When you think of the best universities in the world, images of the US’ Ivy League schools, such as Harvard and Yale, or the UK’s University of Oxford and University of Cambridge will likely spring to mind. These institutions have built their reputations and prestige through hundreds of years of graduate and staff achievement.
But their historic dominance is being challenged by some rising higher educational stars, according to a set of university rankings focused on younger campuses.
In the latest table of the world’s best universities under 50 years old compiled by higher education marketing company QS, Nanyang Technological University in Singapore (NTU) comes out on top. Founded in 1991 and with more than 30,000 students, NTU has held pole position among young universities for the past four years.
In QS' ranking of all universities, NTU has steadily climbed from 39th in 2015 to 11th in 2018, above well-known institutions such as Princeton, Yale and Columbia.
The young universities are ranked according to performance across six criteria: academic reputation, employer reputation, research citations per faculty member, the ratio of faculty members to students, the proportion of international students and the proportion of international faculty members.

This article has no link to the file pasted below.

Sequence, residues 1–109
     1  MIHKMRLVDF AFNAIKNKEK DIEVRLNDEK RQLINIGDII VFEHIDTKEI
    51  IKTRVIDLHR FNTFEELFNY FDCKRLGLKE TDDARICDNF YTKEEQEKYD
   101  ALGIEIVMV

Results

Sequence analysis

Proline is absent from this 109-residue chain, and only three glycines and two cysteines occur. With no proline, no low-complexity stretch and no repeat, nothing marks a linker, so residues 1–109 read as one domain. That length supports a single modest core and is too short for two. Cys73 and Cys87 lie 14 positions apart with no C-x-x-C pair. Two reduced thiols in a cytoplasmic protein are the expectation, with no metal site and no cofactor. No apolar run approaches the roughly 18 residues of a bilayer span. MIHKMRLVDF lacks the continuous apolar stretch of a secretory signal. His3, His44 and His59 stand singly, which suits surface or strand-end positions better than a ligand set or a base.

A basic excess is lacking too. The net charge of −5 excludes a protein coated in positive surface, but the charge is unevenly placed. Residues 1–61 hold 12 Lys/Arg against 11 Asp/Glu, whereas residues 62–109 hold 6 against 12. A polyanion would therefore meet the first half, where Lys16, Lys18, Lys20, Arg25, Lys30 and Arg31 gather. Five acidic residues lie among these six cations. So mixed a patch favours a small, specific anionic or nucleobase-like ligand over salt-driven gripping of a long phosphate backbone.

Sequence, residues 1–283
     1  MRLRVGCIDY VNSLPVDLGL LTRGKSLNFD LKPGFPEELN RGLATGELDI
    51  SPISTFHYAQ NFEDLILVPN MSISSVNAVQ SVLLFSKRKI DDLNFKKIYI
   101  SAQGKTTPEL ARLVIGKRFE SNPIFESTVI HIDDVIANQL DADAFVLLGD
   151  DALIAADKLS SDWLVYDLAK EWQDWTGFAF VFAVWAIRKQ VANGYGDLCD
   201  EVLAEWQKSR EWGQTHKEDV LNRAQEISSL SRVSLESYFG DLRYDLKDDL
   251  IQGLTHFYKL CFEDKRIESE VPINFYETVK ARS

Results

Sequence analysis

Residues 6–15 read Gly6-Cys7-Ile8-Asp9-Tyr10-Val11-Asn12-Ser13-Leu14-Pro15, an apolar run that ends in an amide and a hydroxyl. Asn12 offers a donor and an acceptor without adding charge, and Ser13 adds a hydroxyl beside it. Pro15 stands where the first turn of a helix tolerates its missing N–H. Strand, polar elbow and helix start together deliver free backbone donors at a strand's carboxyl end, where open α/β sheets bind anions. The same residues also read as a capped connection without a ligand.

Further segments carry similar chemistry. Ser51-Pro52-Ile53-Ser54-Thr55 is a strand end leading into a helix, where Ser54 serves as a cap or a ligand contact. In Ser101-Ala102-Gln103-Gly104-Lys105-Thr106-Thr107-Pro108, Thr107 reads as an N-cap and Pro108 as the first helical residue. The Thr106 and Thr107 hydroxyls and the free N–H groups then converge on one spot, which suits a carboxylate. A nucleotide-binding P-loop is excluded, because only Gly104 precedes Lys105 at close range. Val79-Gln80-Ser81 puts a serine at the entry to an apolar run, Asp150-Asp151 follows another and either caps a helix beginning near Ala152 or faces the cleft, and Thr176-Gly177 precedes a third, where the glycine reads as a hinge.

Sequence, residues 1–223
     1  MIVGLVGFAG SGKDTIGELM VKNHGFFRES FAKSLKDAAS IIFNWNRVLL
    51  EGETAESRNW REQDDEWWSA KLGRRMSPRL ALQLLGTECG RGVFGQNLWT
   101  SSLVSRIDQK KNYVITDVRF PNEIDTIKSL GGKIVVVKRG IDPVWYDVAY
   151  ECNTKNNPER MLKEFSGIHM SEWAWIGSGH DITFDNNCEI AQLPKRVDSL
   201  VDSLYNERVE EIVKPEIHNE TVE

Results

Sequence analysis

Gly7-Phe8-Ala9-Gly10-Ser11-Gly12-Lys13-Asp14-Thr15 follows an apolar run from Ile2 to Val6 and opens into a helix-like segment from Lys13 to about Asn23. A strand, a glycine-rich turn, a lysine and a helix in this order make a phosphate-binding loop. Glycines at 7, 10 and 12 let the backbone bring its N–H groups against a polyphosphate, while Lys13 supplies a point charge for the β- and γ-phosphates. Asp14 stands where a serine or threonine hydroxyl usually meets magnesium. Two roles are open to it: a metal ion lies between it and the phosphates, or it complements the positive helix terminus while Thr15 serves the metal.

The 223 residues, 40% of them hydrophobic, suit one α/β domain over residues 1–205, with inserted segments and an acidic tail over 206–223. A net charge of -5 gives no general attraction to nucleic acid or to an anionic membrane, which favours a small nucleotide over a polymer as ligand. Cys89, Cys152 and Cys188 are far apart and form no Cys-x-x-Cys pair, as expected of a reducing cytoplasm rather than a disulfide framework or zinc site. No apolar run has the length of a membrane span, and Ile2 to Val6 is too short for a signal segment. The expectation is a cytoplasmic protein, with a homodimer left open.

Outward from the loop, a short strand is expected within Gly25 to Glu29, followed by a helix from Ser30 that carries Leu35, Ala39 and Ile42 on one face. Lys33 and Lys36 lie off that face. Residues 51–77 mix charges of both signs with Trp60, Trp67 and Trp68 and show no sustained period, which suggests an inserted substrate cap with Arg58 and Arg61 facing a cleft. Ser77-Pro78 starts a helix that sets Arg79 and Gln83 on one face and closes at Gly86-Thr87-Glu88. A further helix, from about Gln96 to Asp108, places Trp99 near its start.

Six of the top 10 universities in the list are based in Asian countries – Singapore, Hong Kong and South Korea – while schools in Finland, Australia, France and Spain make up the remaining four spots. Institutions in Hong Kong dominate the top of the list with three universities – Hong Kong University of Science and Technology, City University of Hong Kong and Hong Kong Polytechnic University – all in the top 10.
The US does not have much of a presence in the rankings, which include 150 schools in total, with only George Mason University and the University of Texas making an appearance. While there are 15 UK-based institutions in the list, the highest ranked is Oxford Brookes University in 41st place.
Universities in 25 countries make up the list and more than a third of those featured are based in Asia. According to Times Higher Education, many of these newer institutions are on the rise because of the quality of their research and excellence in a smaller number of disciplines compared with older schools, which tend to perform well in all subjects.
While NTU offers a comprehensive range of subjects - it is ranked fourth in the overall world rankings for engineering and technology, its research output is ranked as very high.